Ramadan is a special time for Muslims worldwide, and its being observed by fasting from dawn till sunset, refraining from food and drinks.
Ramadan is a time for spiritual reflection as well, Muslims increase their worship knowing that all good deeds are rewarded many times during this month.
The Prophet said..”Every action of the son of Adam is given manifold reward, each good deed receiving ten times its like, up to seven hundred times”
Abu Hurairah reported that the Prophet, salla Allahu alaihi wa sallam, said: “There are three people whose supplications are not rejected: the fasting person when he breaks the fast, the just ruler and the supplication of the oppressed”.
So as a mother of and ASD child I like to take an extra effort during Ramadan ( and other times too) to ask God for his mercy to heal my son, to make him independent, to be able to communicate effectively, to make him successful in this life and the hereafter. In this month my hope heightens, and sometimes also decreases . I do ask myself often if I might be doing something wrong and that is why my asking for his healing is not being granted. I get very sad many times seeing my son being sick, having meltdowns, and just simply not being able to perform simple tasks. I wonder often what will happen to him when he grows up, who will take care of him if he stays in this level.
Fasting all day is not as hard as many people think. For me the hardest part is staying positive and hopeful throughout the day, that is being filled with screams, cries self injuries behavior and a desperate attempt of communication. I often resort to crying right next to him in a complete helplessness, trying to figure out the problem, or just feeling overwhelmed seeing him in his frantic attempt to tell me what is wrong with him, how he feels, what he wants or desires.
When I fell in a desperate state, I keep reminding my self that duas accepted in three ways .
1. The dua answered instantly
2. The dua is used to block unforeseen calamities the Muslim doesn’t even know about
3. The dua is preserved for some great rewards in paradise.
Ramadan can be challenging in some ways, and it sure takes some planning as well. My children like outdoors a lot, and that pose challenge here where we live. The heat is simply overwhelming , and to go out with the kids which they expect every day, is hard for me when I can not hydrate myself. So we go out in short periods of times. We go play balls for 15 minutes, come inside do work, than go out again do a short activity again. If it gets too overwhelming for me I make indoor obstacle curses for them to enjoy for the rest of the day. I include many sensory plays in these days, so my son can fulfill his needs in that regards too.
Once the sun sets, and I am able to eat and drink, we go for a nice long walk, play at the playground and swim in the community pool.
I never been able to go to the night prayer in masjed, my son can not handle that kind of outings, and I never had anyone to watch him so I could go. Many years ago I felt sad about that, but now I realize that my children’s well-being is more important than joining others to pray in our religious establishment.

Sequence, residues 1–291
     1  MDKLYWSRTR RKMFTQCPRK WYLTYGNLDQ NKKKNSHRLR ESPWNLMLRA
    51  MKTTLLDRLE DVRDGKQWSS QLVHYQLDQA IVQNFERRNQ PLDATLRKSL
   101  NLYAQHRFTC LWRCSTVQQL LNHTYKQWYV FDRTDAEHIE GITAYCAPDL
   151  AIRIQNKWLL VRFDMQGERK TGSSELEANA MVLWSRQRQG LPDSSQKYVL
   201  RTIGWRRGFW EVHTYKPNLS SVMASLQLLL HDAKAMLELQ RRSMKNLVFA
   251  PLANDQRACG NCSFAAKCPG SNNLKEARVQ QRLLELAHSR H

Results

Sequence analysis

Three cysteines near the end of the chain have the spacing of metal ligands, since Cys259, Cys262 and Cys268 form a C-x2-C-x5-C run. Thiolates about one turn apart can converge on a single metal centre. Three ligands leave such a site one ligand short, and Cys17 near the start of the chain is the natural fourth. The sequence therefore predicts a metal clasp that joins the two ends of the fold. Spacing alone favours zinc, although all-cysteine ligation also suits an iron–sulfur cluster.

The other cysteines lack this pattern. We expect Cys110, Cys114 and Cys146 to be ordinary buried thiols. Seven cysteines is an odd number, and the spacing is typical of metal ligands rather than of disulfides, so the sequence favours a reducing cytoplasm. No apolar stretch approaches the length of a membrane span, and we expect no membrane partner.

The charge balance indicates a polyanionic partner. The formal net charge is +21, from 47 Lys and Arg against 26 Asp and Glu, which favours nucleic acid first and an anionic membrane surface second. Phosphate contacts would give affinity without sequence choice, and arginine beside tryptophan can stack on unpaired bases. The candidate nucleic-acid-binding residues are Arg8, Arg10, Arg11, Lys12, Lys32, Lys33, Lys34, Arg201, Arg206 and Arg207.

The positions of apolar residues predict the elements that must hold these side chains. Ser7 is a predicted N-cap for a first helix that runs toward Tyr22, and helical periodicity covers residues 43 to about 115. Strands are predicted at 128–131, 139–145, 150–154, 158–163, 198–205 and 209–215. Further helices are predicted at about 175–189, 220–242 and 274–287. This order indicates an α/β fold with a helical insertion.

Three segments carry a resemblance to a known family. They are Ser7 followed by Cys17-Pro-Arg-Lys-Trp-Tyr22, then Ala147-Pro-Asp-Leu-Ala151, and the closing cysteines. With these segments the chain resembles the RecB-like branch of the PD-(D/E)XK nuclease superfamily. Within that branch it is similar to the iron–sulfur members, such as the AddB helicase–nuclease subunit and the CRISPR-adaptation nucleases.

Furthermore, the disapproval looks of him and myself does not worth to even go out. ASD and all of its challenges are looked down upon in many Muslims communities . We do pray together, although he is not following the rules, but he tries, and if he gets tired or frustrated we are at home to take care of it. The sadness about not being able to attend gatherings during Ramadan had left my heart long time ago. I accepted the decree of Allah, as well as realizing the ease and convenience of staying home with my children during this time. I do wish for my typical daughter to experience Ramadan prayers in the community, and I hope one day if she wishes she will be able to attend. My dear friend sent me an article about “My Dear Ramadan Stay-at Home Mom, I salute You” by Yaser Birjas.
This article put ease in my mind and reassured me that I do not miss anything from my Ramadan worship if I stay at home with my kids. As many difficulties a parent faces daily with an ASD child, a break in self doubting about something important, like worshiping in congregation is very refreshing.
So, my dear fellow Muslim parents with ASD children. My Ramadan is not ruined by not attending tarawih prayer in the masjed, it is quite easier for me and my son to perform it at home. The days are not being wasted because we can not go out due to my fasting, we make time to go for short periods, so the need being outside can be fulfilled. We improvise new activities inside, which increase our time spent together.There are many things a parent can do with a child during this month that brings them closer to Allah and make the family bond even stronger.
Ramadan with autism is depending on how you want to see it. If you look for opportunity it will present itself, if you look for hardship it will be difficult. Ramadan is to re-evaluate life and put the Islamic guidance into practice again. Ramadan is to re-focus and re-prioritize our lives, to purify our body and soul, and get closer to God. Renew our hopes and rediscover the beauty and comfort of relying on God in every aspect of our lives. It is easy to lose hope in any given days, but we must remind ourselves that God gives us what is best for us, and we might not see the goodness or the purpose, but we must know it is for the greater good.
May your Ramadan be successful, may your fasting be accepted and all your duas granted ..ameen.